• 49. Dr. Engr. Md. Mahmudul HASAN Composting: Disadvantages 1. Capital and operating costs apparently are relatively high. Cost/ton of refuse is about 400-500% that of sanitary landfill if the end product is not sold. 2. Uncertainty of the market for compost as a fertilizer or soil conditioner undermines the desirability of the system especially in large population centers. 3. Seasonal use of the end product may require special marketing procedure or outdoor storage. 4. Refuse that damages the grinders must be removed and disposed of separately e.g. pipes, heavy stones. 5. Trained personnel to operate composting plants are not readily available. 6. Site procurement is a problem as every kind of refuse disposal facility is considered a nuisance in most neighborhoods. 7. A secondary disposal is always required, working also as alternate outlet in case of breakdown and for inorganic and non-recyclable materials. 49
  • 50. Dr. Engr. Md. Mahmudul HASAN Composting: Reasons of failure Most of mechanized compost plants have failed for economic or technical reasons: Economic reasons i. Cost of raw materials – often this involves the cost of transportation of feed materials, ii. Quality of the compost – this is governed by the quality of raw materials and maintenance of the composting process, iii. Location of composting plants – this influences the costs of transportation for both raw materials and the end product, iv. Government policies and legislation – for example, the import policy for chemical fertilizers, source separation initiatives, incentives to encourage recycling and resource recovery etc., v. Public awareness – public education and information, vi. The availability and cost of other soil conditioners and fertilizers. Technical reasons i. In many situations, the mechanised pre-processing of mixed waste cannot accommodate the diverse nature of solid waste, and it therefore does not produce good compostable materials. ii. In other cases, inadequate attention is paid to ensuring the proper environment and nutrients to improve the performance of composting (biological) processes. 50
  • 51. Dr. Engr. Md. Mahmudul HASAN Composting: O2 requirements The process is performed under aerobic conditions. The products of aerobic digestion and the amount of oxygen required for the job are expressed by the following equation: Where, 51
  • 52. Dr. Engr. Md. Mahmudul HASAN Composting: O2 requirements Determine the amount of oxygen required to compost 1000 kg of solid wastes. Assume that the initial composition of the material to be composted is given by [C6H7O2(OH)3]5 , that the final composition is estimated to be [C6H7O2(OH)3]2, and that 400 kg of material remains after the composting process. 52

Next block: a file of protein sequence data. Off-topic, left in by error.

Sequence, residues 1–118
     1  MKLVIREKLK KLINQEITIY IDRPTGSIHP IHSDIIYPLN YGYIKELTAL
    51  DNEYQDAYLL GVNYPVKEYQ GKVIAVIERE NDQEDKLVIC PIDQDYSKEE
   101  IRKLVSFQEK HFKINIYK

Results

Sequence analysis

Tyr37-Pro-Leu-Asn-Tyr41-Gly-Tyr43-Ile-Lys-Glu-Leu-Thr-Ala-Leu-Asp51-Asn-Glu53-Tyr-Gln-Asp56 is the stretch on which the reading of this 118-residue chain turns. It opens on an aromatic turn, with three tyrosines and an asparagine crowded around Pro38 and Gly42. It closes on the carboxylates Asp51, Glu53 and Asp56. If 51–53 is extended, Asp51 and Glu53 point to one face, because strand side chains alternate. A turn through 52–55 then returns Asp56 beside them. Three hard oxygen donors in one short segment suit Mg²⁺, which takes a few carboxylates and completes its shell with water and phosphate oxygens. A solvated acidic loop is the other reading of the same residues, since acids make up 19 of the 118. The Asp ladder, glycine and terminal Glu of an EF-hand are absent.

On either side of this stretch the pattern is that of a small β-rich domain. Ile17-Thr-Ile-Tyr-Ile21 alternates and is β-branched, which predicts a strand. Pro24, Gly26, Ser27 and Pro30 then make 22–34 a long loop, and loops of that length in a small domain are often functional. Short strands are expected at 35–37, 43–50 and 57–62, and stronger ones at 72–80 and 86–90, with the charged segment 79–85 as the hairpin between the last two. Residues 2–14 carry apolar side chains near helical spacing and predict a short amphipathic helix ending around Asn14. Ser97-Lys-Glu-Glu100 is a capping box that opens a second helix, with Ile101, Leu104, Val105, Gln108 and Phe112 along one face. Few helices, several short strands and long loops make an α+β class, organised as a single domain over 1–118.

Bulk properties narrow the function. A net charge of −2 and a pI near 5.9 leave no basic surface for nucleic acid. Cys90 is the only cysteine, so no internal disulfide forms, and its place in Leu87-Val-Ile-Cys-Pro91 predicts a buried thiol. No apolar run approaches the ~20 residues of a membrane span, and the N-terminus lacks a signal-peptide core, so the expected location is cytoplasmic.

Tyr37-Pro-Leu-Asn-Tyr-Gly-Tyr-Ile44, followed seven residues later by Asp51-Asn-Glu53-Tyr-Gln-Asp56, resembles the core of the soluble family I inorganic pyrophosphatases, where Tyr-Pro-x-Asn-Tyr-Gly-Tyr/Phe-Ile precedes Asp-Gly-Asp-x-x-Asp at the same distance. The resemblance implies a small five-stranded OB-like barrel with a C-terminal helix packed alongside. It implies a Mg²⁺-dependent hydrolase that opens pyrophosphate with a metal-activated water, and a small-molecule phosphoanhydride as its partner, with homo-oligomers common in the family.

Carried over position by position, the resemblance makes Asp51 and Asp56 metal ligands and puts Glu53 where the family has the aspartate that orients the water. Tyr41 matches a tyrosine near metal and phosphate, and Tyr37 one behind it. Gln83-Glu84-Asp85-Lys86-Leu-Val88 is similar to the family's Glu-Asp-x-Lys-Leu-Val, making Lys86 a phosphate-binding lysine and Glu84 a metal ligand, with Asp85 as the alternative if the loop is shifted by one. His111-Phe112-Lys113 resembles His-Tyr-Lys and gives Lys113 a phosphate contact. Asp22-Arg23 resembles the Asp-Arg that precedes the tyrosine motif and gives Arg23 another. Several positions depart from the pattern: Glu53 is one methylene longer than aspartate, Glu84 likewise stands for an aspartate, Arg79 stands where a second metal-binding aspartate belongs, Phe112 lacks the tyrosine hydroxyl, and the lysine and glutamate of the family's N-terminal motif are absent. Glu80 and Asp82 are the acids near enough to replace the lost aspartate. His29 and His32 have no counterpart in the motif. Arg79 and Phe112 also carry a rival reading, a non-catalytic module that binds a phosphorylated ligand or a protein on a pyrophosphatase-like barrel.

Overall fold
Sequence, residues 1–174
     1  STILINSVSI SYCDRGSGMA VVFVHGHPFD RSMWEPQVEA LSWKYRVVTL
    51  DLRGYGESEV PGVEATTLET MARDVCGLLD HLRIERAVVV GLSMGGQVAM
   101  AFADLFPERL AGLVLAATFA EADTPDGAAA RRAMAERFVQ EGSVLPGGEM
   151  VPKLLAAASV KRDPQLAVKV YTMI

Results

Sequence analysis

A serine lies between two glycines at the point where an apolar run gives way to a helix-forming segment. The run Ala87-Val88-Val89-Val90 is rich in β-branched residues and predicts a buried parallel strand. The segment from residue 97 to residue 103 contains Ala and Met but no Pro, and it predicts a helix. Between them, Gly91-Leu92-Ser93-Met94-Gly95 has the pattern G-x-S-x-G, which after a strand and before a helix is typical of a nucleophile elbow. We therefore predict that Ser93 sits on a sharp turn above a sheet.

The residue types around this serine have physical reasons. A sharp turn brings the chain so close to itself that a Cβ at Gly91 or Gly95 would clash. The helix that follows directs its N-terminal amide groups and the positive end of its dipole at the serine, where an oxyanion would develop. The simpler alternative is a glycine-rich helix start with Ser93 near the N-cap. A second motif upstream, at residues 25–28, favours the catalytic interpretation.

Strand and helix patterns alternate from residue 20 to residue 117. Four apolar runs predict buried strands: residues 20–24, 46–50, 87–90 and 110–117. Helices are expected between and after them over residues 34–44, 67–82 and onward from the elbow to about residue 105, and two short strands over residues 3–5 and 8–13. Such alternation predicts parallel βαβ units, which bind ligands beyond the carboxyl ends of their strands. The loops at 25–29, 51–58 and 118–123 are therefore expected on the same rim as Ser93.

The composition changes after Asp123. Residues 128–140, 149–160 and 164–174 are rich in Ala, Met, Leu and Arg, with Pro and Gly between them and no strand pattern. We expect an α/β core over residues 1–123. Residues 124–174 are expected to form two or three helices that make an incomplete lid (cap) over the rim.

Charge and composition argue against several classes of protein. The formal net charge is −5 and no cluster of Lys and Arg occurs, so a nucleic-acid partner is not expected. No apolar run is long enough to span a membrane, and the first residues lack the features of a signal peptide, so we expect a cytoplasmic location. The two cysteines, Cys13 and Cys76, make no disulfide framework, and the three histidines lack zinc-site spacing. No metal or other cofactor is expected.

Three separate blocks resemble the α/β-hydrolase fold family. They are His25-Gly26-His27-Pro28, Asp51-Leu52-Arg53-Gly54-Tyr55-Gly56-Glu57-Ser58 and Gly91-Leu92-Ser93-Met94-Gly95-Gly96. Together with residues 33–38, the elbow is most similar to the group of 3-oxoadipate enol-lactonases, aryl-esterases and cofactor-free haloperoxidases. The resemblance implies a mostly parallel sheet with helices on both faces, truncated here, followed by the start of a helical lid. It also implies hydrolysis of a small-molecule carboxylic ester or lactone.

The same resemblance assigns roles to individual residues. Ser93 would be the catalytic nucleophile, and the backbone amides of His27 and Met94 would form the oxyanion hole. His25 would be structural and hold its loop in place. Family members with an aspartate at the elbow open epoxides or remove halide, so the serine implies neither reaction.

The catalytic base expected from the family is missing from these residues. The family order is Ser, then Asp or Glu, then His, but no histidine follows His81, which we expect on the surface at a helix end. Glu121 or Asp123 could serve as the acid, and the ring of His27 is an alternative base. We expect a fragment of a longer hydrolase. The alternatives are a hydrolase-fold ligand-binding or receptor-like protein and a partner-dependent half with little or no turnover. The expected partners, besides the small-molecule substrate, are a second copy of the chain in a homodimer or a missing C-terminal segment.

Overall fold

• 53. Dr. Engr. Md. Mahmudul HASAN Composting: Vermicomposting o Also called 'vermiculture', 'composting with worms’ or 'worm composting’ o Uses worms and micro-organisms to break down organic materials under aerobic conditions, but at a relatively low temperature, to give nutrient-rich end product (compost). o Specific species of earthworms (for example, eisenia foetida – commonly known as redworms, brandlingworms or tigerworms, and lumbricus rubellus, are suitable for vermicomposting. o The worms (a worm is made of about 70-95% water and 5-30% protein) consume both partially decomposed organic materials and micro-organisms which are also constantly involved in composting o The average weight of 2,000 adult worms is about 1kg, and these worms can be accommodated in an area of 1m2. o Produce better quality rich in nitrates, potassium, phosphorus, calcium and magnesium) and finer (enhance particle size reduction) of compost. o Since this type of compost is rich in nutrients, so can mix this compost with ordinary compost before using as manure. o The composting in this process takes place in a relatively cool environment (0o C to 30o C) so, the end product may contain pathogens. o Compared to ordinary composting, this process requires more manpower and careful control of the environment (mainly temperature and moisture levels). 53
  • 54. Dr. Engr. Md. Mahmudul HASAN Composting: Vermicomposting 54